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Is This Famous Photo a Fake?

The answer may reveal the truth about the JFK assassination - A computer scientist who specializes in digital forensics has reanalyzed the famous Lee Harvey Oswald photograph in order to determine if it is real or a digitized fake. In it,Oswald is shown holding a rifle in one hand and Marxist newspapers in the other. Some critics have claimed that another head was digitally "pasted" onto the body in the photograph. One unanswered question is: How did Jack Ruby (who killed Oswald after he assassinated President Kennedy) ever get past the police cordon in Dallas! See one provocative theory in the short film "One Day in Dallas," which is part of theDark Matter DVD series, Volume 4. Get volume 3 free as a premiumRIGHT NOW with all new, one-year subscriptions to unknowncountry.com! (US addresses only.)

Computer scientist Hany Farid has new evidence regarding the photograph of accused John F. Kennedy assassin Lee Harvey Oswald. Oswald and others claimed that the incriminating photo was a fake, noting the seemingly inconsistent lighting and shadows. After analyzing the photo with modern-day forensic tools, Farid says the photo almost certainly was NOT altered. Scroll down to the bottom of this story for the opinion of conspiracy expert Jim Marrs, author of the book Crossfire about the JFK assassination.Farid says, "If we had found evidence of photo tampering, then it would have suggested a broader plot to kill JFK. Those who believe that there was a broader conspiracy can no longer point to this photo as possible evidence." Farid has developed digital forensic tools especially to determine whether or not digital photos have been manipulated. He says, "The human brain, while remarkable in many aspects, also has its weaknesses. The visual system can be quite inept at making judgments regarding 3-D geometry, lighting, and shadows."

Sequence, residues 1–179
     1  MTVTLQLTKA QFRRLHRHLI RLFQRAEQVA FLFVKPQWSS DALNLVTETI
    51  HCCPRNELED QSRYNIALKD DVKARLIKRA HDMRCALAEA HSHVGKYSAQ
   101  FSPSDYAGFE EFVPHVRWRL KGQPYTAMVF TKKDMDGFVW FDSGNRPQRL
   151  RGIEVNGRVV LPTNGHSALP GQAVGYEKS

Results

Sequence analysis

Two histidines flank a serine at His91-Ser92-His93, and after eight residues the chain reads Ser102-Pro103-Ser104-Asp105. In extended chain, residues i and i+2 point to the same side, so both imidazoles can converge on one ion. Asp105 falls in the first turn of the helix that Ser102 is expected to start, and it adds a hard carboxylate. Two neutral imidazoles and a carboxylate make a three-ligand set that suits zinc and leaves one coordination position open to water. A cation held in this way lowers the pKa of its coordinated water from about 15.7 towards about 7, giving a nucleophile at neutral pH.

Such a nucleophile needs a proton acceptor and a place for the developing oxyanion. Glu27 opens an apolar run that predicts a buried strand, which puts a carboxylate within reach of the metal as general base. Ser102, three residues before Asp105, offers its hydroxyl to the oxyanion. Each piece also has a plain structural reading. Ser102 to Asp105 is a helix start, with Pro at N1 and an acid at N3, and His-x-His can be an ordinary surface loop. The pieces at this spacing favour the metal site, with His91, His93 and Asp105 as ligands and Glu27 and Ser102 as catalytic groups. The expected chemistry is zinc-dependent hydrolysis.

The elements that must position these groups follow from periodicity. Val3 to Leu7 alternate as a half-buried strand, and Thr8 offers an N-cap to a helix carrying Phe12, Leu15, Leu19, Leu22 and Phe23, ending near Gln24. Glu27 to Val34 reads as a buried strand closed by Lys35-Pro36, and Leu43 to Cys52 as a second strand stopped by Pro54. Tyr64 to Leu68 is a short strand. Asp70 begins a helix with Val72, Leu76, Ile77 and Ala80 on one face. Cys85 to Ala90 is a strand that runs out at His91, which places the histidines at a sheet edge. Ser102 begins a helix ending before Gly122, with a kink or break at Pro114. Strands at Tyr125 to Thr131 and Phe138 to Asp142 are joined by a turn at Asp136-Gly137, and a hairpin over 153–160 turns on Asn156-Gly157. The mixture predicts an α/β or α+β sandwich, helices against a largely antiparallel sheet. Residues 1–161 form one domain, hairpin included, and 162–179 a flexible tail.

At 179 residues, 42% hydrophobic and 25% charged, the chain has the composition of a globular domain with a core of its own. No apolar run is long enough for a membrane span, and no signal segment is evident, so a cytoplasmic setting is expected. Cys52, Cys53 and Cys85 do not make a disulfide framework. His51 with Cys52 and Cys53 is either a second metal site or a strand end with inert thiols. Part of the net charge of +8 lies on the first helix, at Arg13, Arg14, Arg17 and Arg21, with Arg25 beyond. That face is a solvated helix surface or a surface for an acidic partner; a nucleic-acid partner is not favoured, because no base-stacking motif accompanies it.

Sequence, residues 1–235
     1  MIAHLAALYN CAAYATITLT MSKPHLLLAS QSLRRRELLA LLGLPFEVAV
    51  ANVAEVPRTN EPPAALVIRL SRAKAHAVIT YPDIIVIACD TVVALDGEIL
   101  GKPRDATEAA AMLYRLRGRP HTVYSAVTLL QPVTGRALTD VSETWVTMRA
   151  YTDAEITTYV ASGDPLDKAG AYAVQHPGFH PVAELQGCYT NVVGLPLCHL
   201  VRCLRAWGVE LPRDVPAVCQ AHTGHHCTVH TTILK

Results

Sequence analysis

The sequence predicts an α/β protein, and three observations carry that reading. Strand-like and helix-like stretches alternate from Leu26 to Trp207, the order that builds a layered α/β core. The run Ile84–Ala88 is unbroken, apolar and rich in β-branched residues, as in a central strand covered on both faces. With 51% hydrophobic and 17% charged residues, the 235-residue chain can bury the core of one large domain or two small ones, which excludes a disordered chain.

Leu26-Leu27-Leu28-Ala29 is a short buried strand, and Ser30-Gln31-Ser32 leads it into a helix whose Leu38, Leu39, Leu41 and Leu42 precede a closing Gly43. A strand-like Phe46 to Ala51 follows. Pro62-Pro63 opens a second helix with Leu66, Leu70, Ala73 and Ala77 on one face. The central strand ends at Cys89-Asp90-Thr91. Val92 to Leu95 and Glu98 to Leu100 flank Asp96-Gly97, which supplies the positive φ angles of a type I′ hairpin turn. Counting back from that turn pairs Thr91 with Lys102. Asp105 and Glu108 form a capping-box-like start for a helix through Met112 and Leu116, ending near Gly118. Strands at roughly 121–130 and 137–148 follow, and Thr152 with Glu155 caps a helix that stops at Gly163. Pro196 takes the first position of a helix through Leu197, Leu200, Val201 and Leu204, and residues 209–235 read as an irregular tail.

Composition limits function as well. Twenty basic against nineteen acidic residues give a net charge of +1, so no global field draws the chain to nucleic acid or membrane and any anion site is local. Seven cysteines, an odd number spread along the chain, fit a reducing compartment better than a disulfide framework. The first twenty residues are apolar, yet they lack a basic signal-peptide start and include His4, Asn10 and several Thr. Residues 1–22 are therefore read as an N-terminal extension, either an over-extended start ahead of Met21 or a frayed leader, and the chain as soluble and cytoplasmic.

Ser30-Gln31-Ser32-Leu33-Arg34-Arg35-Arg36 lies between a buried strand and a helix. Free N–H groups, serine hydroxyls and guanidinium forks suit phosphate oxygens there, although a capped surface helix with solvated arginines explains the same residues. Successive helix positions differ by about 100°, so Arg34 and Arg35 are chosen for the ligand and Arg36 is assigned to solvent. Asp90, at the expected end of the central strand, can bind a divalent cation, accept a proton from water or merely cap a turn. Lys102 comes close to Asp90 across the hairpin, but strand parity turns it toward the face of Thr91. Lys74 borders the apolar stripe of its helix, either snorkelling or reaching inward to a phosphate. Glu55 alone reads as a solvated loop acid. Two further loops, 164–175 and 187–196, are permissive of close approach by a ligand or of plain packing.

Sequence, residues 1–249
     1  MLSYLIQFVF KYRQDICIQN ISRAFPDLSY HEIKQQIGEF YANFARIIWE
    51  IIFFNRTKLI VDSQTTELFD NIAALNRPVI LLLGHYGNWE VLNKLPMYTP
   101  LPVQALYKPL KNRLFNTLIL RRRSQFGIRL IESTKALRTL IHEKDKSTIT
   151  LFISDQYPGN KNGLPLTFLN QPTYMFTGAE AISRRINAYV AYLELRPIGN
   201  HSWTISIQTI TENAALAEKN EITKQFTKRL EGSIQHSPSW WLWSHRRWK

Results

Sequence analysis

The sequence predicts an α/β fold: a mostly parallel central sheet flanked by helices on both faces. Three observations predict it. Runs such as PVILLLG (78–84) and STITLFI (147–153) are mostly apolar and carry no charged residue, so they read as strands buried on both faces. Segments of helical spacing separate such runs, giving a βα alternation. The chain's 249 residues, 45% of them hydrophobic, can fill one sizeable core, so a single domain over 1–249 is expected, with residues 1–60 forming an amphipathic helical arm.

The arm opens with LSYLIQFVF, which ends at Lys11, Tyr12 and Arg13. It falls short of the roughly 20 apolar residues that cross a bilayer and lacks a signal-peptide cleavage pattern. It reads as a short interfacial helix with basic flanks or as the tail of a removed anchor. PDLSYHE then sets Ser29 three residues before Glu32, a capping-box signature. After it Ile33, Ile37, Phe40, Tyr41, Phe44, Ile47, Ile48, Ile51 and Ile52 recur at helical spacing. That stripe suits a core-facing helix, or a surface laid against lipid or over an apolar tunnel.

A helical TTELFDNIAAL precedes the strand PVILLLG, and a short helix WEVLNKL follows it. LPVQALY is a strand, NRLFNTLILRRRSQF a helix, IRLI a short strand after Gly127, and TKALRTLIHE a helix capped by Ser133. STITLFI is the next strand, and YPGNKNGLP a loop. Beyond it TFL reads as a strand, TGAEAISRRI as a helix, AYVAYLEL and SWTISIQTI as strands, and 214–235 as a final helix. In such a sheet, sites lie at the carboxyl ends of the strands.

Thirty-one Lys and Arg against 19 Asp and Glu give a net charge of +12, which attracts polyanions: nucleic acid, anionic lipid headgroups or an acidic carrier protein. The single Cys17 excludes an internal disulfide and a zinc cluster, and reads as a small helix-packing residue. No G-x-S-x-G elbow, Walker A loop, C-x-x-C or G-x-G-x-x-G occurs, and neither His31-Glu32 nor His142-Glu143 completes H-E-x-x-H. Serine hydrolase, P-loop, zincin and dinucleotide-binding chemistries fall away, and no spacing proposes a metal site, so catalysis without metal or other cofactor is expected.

At first glance, the lighting and shadows in the Oswald photo appear not to fit the outdoor lighting, but Farid was able to construct a 3-D model of Oswald's head and portions of the backyard scene, and thus determine that a single light source, the sun, could explain all of the shadows in the photo.

In his book Crossfire, Dreamland host Jim Marrs writes: "Dallas police claim to have discovered two prints and one negative of pictures showing Lee Harvey Oswald standing in his backyard wearing a holstered pistol and holding a rifle and some communist literature. According to police reports, these photos were found among Oswald's possessions in the garage of the Paine home in Irving, Texas, on Saturday, November 23, 1963, although a search the day before failed to turn up such photos. One of these photos became the cover of the February 21, 1964 issue of Life magazine. This now-famous issue was seen by millions around the world.

"Yet when shown the photographs by Dallas police, Capt. Will Fritz said Oswald made the following comment: "[Oswald] said the picture was not his, that the face was his face, but that this picture had been made by someone superimposing his face, the other part of the picture was not him at all and that he had never seen the picture before. He told me that he understood photography real well, and that in time, he would be able to show that it was not his picture, and that it had been made by someone else. Of course, Oswald never got the time to explain the backyard photos [because he was killed by Jack Ruby]. But various researchers have spent years studying this incriminating evidence, and today almost all are convinced Oswald was truthful about the pictures being fabricated."

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